Martin Truex Jr. is turning the corner after a miserable 2014.
The driver for the one-car team Furniture Row Racing finished second to Kevin Harvick on Sunday in the NASCAR Sprint Cup Series race here.
That came after Truex finished eighth in the season-opening Daytona 500 and sixth last weekend in Atlanta. All of which is a marked improvement from last year, when Truex finished a dismal 24th in the title standings in his first season with Furniture Row.
Not only did Truex, 34, and his No. 78 Chevrolet struggle last year, Truex's girlfriend, Sherry Pollex, was diagnosed with ovarian cancer.
"There were days where it was just really hard to even think about racing," Truex said. But he added that "there was never a time when I quit on [the team]."
And in the context of Pollex's struggle, "those bad days are not near as bad at the racetrack as you thought they were," Truex said.
After Sunday's race, Pollex said on Twitter: "So proud of MT & his @FR78Racing team!"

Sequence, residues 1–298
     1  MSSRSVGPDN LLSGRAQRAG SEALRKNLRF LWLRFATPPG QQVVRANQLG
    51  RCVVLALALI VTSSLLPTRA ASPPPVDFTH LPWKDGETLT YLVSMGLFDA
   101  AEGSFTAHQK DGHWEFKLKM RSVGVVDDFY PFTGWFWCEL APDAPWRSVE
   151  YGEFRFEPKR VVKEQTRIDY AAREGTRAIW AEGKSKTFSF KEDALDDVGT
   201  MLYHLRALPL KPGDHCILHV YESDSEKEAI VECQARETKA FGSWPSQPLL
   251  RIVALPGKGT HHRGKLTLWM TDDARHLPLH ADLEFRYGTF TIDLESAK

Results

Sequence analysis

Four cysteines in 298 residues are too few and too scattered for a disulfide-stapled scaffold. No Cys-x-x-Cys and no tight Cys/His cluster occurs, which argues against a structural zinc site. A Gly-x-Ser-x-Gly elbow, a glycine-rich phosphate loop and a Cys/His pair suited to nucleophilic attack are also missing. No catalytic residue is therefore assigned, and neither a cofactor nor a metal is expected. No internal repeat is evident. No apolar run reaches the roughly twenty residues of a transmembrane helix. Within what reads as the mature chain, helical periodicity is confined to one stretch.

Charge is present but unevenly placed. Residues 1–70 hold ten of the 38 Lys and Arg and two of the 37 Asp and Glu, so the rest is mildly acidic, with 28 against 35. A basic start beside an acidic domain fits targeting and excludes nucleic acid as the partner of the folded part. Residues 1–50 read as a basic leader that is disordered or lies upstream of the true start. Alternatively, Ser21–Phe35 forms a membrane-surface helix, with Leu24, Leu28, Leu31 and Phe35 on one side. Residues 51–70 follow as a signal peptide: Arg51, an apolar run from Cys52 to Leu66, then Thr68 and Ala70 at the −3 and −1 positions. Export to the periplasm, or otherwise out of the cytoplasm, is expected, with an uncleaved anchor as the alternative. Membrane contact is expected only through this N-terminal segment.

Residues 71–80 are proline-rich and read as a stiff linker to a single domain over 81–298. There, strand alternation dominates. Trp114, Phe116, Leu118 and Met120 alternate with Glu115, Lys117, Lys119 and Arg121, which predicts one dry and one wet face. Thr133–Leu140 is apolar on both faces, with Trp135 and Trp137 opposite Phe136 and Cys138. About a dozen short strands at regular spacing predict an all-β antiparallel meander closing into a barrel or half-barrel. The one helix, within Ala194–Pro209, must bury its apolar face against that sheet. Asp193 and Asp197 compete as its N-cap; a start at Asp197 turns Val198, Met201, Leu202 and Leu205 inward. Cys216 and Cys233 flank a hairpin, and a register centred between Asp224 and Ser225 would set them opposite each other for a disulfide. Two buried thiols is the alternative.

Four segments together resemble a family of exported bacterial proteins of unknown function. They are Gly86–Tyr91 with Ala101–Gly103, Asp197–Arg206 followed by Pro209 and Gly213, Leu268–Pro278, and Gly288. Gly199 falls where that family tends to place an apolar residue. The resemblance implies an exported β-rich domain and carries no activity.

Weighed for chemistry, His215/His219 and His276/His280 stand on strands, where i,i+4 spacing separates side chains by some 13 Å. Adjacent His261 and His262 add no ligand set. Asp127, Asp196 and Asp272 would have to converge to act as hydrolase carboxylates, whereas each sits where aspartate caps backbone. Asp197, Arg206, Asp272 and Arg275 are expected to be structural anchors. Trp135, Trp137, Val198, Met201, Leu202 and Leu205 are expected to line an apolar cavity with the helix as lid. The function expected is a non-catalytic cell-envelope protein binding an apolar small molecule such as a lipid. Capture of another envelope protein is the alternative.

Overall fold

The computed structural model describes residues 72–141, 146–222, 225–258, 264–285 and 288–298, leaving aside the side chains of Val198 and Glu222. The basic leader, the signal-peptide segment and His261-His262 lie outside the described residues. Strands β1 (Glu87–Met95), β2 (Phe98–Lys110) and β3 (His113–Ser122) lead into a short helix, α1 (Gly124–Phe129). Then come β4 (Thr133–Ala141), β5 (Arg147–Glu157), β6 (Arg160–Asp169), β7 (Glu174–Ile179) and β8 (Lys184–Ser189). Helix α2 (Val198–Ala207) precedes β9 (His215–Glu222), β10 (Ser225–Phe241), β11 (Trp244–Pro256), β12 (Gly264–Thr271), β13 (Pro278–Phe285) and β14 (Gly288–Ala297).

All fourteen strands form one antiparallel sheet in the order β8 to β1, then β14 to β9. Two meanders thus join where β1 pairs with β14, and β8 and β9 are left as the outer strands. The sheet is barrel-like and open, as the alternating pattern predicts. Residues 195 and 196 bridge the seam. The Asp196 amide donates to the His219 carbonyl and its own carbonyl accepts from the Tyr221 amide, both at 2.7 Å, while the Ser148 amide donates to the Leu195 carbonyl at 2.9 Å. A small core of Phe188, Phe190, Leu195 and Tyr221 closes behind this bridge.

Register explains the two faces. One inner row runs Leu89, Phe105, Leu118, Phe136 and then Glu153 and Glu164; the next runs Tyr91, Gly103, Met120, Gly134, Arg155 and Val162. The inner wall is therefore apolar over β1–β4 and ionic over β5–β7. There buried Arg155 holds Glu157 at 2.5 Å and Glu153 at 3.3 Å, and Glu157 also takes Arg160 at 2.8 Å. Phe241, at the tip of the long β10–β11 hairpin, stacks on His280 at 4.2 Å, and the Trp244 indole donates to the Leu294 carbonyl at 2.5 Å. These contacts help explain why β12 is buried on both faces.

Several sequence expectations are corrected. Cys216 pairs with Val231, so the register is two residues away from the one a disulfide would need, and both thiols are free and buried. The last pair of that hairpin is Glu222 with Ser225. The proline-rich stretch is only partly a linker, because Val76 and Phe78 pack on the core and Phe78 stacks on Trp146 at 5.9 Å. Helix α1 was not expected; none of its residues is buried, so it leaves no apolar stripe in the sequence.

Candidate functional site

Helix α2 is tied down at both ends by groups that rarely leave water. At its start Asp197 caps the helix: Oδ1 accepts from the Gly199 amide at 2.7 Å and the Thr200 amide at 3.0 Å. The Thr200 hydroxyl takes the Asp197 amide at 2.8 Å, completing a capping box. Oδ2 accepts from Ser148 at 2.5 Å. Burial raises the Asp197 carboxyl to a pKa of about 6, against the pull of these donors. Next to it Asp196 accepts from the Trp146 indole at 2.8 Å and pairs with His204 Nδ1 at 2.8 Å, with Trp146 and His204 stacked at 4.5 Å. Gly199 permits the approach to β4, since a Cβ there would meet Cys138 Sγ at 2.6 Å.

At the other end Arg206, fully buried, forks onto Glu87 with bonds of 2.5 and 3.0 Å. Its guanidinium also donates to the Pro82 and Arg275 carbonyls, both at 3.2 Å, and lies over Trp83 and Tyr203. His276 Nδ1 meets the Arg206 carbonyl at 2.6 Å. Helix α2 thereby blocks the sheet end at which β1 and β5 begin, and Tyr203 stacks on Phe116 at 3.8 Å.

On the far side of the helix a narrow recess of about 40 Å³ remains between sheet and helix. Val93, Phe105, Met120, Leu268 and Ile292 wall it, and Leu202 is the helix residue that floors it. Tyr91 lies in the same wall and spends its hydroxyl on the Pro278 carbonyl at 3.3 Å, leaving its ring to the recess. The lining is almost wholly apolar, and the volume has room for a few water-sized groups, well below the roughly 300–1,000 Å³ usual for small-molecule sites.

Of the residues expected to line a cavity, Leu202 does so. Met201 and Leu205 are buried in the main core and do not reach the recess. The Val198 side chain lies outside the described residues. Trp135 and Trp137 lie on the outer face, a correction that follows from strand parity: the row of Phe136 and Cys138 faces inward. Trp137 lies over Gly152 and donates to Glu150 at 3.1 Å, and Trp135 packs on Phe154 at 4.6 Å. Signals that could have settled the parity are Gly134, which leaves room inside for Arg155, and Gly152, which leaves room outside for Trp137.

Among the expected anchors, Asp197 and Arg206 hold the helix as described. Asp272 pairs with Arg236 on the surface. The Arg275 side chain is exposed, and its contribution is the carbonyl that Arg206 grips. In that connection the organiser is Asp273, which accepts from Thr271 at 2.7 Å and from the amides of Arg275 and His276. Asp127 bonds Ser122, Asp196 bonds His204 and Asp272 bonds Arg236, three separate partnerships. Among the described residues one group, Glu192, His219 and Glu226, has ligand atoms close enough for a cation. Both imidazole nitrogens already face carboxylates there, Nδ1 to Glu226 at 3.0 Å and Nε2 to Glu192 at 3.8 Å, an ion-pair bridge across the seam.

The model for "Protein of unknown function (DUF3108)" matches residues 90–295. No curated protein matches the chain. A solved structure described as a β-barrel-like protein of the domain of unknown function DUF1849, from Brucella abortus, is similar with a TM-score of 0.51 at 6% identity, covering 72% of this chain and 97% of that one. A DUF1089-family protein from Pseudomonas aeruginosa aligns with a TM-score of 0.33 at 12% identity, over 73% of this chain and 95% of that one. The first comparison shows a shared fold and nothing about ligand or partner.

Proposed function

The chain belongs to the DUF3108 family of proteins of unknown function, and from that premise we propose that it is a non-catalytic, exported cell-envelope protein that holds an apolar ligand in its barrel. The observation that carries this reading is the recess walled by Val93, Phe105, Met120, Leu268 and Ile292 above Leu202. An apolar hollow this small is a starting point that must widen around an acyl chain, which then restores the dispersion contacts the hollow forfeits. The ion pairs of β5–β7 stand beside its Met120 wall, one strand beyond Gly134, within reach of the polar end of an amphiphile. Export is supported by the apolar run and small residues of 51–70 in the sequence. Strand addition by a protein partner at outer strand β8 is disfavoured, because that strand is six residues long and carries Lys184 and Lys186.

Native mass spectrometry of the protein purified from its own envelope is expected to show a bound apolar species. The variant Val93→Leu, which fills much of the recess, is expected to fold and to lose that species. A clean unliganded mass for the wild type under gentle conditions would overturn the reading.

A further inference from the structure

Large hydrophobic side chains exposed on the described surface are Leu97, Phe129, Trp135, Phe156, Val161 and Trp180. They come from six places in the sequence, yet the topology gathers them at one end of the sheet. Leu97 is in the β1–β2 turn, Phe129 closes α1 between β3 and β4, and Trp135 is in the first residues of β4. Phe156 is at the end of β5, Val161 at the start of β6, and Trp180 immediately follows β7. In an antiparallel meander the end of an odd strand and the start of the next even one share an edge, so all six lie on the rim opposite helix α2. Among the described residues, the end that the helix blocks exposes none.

Johnson's long day
Early in Sunday's race, it appeared Jimmie Johnson, the only four-time winner at Las Vegas Motor Speedway, might be poised for a fifth victory here.
But after leading 45 laps, hardly anything went right for the six-time Cup champion and his No. 48 Hendrick Motorsports Chevrolet.
A blown tire sent Johnson's car into the wall on Lap 173 of the 267-lap race. Then the same thing happened with 81 laps left, forcing Johnson to the garage for repairs and leaving him with a 41st-place finish.
"I'm disappointed," Johnson said. "We certainly had an awesome race car. We'll come back next week."
Only three months after having corrective heart surgery, Brian Vickers returned to the Cup series and finished 15th in his No. 55 Toyota after starting 28th.
Vickers, 31, who suffered from blood clots, initially had an artificial patch inserted in 2010 to fix a hole in his heart. But in December, it was discovered that his body was rejecting the patch, so he had surgery to repair the hole.
"A top-15 [finish] considering where we were at three months ago — I'll take it," said Vickers, who drives for Michael Waltrip Racing.
"It feels so good to be back in a race car — so happy, so thankful, and I wasn't sure if I'd ever be here again," Vickers said.